Essiedu weeps openly and copiously in the Act 1 court scene—a perilous choice, given the limitations it would seem to impose on Hamlet’s subsequent emotional journey. Yet Esseidu makes it work. His anguish, so obviously sincere, sets Claudius on edge, threatening his tight control over the proceedings. Then Essiedu shifts and deals frantically with Horatio (Hiran Abeysekera) and Marcellus (Theo Ogundipe), moving swiftly after that through giddy gladness, gentle wit, sober self-possession, and more. The main impression is of a kid not yet fully formed, a human work in progress sidetracked and possibly stunted by his encounter with the ghost. He doesn’t know himself why he feels so distraught and grasps at the prospect of violent revenge to find psychological answers.

This sense of his vulnerability in arriving at a newly unsafe childhood home serves as the production’s emotional heart. Hamlet finds himself a misfit just when he was beginning to feel well-adjusted, it seems; and what we witness is his search for a new emotional foundation that fits his idealistic and creatively impulsive self-image. The graffiti artist is a flagrant affectation, a safe, late-adolescent form of acting out that is borderline irritating. What keeps it vaguely plausible is that it’s not overdone or overintellectualized. Essiedu wears his intelligence lightly, trying to wield it as a tool of social connection whenever possible. All of his big speeches feel electric with surprise, obviously the fruit of fresh cultivation in Essiedu’s unique mental garden. Sometimes he even seems actually mad, as when he violently attacks Ophelia (Natalie Simpson) toward the end of the “nunnery” scene.

As for the African setting, that it hangs together as a convincing environment at all is downright miraculous given how unassertive and ad hoc it is. Godwin says he took a research trip with his creative team to Ghana, Essiedu’s ancestral home, but apart from Ghanaian drum music, the show’s appearances and sounds are rather generalized (one of the gravediggers sings a calypso tune, for instance). This is Denmark as a generic West Africa where the people happen to speak Renaissance English.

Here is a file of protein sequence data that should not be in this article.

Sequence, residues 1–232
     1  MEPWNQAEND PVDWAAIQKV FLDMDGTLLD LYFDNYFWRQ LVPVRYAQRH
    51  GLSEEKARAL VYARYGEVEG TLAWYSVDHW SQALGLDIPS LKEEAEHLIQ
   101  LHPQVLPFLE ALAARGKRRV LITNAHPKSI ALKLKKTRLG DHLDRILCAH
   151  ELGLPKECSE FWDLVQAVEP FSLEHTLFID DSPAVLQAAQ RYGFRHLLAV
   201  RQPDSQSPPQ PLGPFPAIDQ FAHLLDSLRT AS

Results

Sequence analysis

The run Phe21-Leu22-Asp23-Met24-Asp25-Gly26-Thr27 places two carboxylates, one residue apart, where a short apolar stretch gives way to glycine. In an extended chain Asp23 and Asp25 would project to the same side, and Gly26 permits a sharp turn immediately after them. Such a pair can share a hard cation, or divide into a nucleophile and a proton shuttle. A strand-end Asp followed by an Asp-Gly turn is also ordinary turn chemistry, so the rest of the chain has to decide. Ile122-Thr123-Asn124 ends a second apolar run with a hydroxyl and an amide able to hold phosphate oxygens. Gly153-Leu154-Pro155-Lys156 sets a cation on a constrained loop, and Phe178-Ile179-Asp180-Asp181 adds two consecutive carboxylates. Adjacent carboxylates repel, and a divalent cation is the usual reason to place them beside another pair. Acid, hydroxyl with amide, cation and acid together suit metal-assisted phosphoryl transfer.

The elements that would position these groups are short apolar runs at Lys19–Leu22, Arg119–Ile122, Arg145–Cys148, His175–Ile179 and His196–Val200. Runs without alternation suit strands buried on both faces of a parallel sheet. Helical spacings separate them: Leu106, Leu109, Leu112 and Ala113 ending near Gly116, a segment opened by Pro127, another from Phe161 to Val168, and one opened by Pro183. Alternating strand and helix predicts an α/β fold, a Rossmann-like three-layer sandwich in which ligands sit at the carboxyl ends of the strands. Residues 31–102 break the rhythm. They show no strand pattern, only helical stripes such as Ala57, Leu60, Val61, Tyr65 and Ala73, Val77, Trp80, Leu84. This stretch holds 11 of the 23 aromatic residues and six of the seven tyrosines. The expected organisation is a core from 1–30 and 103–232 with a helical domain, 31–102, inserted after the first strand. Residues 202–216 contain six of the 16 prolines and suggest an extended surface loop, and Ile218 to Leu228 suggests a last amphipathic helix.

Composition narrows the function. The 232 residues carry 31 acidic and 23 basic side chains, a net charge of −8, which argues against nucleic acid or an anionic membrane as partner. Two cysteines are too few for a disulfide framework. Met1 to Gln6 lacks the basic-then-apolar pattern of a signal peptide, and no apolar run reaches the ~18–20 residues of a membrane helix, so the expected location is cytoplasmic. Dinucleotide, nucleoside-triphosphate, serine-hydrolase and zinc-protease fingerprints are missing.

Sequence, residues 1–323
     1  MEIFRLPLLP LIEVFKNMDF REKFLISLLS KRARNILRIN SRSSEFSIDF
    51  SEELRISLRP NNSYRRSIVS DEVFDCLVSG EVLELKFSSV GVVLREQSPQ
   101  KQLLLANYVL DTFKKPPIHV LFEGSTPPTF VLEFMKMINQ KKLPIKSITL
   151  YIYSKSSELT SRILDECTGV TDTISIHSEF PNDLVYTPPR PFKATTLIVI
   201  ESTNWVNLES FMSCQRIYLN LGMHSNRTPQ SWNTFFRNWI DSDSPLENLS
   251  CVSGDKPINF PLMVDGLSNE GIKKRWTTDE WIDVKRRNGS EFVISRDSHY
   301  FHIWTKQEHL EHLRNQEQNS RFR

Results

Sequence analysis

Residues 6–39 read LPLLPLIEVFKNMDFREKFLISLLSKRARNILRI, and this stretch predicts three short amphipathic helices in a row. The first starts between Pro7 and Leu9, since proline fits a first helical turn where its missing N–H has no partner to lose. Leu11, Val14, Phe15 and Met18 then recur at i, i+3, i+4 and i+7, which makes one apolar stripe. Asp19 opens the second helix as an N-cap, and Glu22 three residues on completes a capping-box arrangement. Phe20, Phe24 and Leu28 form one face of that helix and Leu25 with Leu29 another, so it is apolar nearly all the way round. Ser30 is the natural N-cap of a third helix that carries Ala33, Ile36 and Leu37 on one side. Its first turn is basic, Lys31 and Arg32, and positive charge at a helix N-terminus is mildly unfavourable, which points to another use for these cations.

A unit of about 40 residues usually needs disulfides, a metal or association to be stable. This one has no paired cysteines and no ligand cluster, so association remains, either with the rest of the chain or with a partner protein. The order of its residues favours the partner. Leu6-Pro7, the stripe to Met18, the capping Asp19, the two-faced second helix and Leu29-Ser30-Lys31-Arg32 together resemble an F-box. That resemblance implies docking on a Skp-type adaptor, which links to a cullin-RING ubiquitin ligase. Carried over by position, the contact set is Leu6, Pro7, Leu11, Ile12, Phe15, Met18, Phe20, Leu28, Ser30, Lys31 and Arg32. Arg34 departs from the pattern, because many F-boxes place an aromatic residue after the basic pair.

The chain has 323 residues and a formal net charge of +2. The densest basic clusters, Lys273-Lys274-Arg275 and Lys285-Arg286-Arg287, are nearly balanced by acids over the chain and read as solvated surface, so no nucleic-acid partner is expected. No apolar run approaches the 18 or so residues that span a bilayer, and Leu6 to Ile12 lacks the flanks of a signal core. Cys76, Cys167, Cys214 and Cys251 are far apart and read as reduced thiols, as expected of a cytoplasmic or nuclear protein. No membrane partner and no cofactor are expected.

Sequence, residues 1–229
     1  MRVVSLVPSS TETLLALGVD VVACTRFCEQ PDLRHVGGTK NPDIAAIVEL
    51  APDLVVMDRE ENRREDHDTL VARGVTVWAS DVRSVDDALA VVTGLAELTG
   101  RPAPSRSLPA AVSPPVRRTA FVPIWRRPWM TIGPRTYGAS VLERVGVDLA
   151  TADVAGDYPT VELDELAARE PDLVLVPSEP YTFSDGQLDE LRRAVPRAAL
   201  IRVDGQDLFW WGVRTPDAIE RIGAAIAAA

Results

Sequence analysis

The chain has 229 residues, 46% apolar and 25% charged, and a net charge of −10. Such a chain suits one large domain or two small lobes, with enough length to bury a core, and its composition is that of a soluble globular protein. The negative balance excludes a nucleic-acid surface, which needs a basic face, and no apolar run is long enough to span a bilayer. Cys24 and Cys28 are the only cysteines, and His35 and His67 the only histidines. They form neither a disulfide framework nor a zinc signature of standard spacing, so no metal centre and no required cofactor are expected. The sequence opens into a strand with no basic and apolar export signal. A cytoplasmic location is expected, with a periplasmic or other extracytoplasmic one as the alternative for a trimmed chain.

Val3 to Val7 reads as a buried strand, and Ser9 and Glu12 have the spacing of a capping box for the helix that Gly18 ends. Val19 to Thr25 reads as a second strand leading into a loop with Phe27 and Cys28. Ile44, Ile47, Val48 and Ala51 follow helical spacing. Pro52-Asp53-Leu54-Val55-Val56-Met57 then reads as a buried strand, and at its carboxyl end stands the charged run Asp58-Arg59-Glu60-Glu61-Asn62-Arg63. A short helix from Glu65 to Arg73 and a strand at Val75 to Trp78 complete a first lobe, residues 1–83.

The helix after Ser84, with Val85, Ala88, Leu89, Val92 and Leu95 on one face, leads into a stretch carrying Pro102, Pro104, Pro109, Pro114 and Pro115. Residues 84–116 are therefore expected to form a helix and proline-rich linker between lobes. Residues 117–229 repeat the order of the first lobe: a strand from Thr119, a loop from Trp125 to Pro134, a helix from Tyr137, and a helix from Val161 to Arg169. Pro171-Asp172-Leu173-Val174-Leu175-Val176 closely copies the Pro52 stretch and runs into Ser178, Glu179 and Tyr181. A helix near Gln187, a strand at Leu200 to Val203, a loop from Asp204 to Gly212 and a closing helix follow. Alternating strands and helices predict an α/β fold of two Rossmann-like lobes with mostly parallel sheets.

As I thought about why this manufactured place worked so well as a setting a wonderful recent book came to mind: Elizabeth Maddock Dillon’s New World Drama: the Performative Commons in the Atlantic World. Dillon uses the term “commons” in both its abstract political and concrete geographical senses, meaning both a locus of power and sovereignty for a people and a public place of common use. The theater, she points out, is a quintessential commons not only because “audience and actors together form an assemblage that both embodies and represents the collectivity of the people” but also because the new configurations of that collectivity encountered in theater often stretch and challenge spectators’ notions of how their community is and ought to be defined.

This idea captures the spirit in which Godwin plies the treacherous waters of interculturalism. It’s not to advertise the brilliance of any new cultural parallels he has discovered, or to make any armchairish claims of universalism, or even (I believe) primarily to offer opportunities to talented nonwhite British actors. The thrust seems to me an impulse to use the stage as a vibrant performative commons where a truly fresh, persuasively complex, and marvelously inclusive image of contemporary life may be imagined and enacted. Considering all the terror of Others roiling among us at the moment, on both sides of the Atlantic, this is an eminently worthy and welcome vision.

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This post was written by Jonathan Kalb.